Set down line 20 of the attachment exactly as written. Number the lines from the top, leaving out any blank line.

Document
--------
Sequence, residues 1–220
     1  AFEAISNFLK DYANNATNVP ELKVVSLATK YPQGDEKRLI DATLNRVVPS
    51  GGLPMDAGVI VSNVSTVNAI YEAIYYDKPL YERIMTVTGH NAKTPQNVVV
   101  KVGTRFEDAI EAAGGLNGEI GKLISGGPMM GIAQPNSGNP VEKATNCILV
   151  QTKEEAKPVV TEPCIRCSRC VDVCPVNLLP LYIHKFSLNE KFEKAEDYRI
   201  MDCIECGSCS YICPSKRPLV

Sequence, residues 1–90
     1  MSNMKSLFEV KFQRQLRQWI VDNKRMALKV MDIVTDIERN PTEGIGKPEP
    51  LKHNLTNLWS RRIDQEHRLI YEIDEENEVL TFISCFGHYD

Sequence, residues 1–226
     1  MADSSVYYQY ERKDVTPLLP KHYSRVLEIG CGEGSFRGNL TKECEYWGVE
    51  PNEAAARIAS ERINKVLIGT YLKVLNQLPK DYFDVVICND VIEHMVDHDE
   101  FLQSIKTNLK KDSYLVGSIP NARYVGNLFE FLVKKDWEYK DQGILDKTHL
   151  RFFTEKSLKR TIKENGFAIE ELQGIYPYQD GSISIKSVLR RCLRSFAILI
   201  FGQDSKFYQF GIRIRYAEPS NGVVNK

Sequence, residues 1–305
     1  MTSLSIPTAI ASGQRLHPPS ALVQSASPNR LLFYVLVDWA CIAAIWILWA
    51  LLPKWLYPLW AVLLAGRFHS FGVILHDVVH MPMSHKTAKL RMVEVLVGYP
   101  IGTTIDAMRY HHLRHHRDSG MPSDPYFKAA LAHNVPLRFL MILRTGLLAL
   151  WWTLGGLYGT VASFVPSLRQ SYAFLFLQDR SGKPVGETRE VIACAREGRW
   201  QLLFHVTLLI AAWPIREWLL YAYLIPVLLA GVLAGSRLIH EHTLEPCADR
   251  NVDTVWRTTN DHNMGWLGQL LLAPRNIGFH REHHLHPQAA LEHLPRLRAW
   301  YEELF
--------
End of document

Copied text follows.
   151  WWTLGGLYGT VASFVPSLRQ SYAFLFLQDR SGKPVGETRE VIACAREGRW